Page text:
There’s definitely this thought process that normal Germans (and Poles, Austrians, Hungarians, etc) didn’t know about the camps at all during the holocaust that gets pushed as fact in schools, which is b******t. The concept of the goings on at a KZ was absolutely something people knew. When my grandfather was growing up it was normal to ‘hire’ people from Dachau satellite camps to build fences or work in fields or whatever. The industrialization process and scale of it was news to them, for sure, but if something happened to you and you were sent to a KZ, everyone knew it was a death sentence, and you were going to be forced into labor until you died. By the time 1944 rolled around they were pretty aware of the gas chambers too, though most people didn’t believe it.

#24 Christopher Columbus discovered America. That’s been bs for a long time and still gets taught in schools.

Image source: Archangel02150, By Sebastiano del Piombo – This file was donated to Wikimedia Commons as part of a project by the Metropolitan Museum of Art. See the Image and Data Resources Open Access Policy, Public Domain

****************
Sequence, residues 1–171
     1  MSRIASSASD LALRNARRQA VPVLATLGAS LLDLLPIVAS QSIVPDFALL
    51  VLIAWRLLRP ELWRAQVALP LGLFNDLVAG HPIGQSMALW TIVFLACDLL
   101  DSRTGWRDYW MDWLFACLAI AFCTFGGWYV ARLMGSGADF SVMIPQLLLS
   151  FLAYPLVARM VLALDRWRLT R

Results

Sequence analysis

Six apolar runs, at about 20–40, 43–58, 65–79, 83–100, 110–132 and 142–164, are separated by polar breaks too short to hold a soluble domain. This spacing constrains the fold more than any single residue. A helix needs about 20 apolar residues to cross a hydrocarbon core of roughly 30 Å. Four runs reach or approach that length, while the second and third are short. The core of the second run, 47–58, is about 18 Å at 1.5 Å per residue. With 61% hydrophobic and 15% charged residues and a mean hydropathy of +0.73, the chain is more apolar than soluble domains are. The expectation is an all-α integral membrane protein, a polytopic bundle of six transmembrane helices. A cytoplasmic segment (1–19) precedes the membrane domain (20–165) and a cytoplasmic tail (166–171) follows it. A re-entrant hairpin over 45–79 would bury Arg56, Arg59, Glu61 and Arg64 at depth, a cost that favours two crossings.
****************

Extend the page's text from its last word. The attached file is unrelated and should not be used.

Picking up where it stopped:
#25 Cortes and 500 Spaniards conquered the Aztec empire. It’s true that he only had a few hundred Spanish soldiers but he had tens of thousands indigenous allies who did most of the fighting.

Image source: jorgespinosa, Carolina Munemasa

#26 I don´t know if this is still up-to-date, but my history teacher always pointed out it was often falsely taught that the pyramids and temples of the ancient egyptian period were build by slaves. They were build by respected people that helped voluntrily.

Image source: WattIsPhysik, Joshua Michaels

Shanilou Perera

Shanilou has always loved reading and learning about the world we live in. While she enjoys fictional books and stories just as much, since childhood she was especially fascinated by encyclopaedias and strangely enough, self-help books. As a kid, she spent most of her time consuming as much knowledge as she could get her hands on and could always be found at the library. Now, she still enjoys finding out about all the amazing things that surround us in our day-to-day lives and is blessed to be able to write about them to share with the whole world as a profession.

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disproven facts, facts, factual inaccuracies, false facts, historical inaccuracies, history, inaccuracies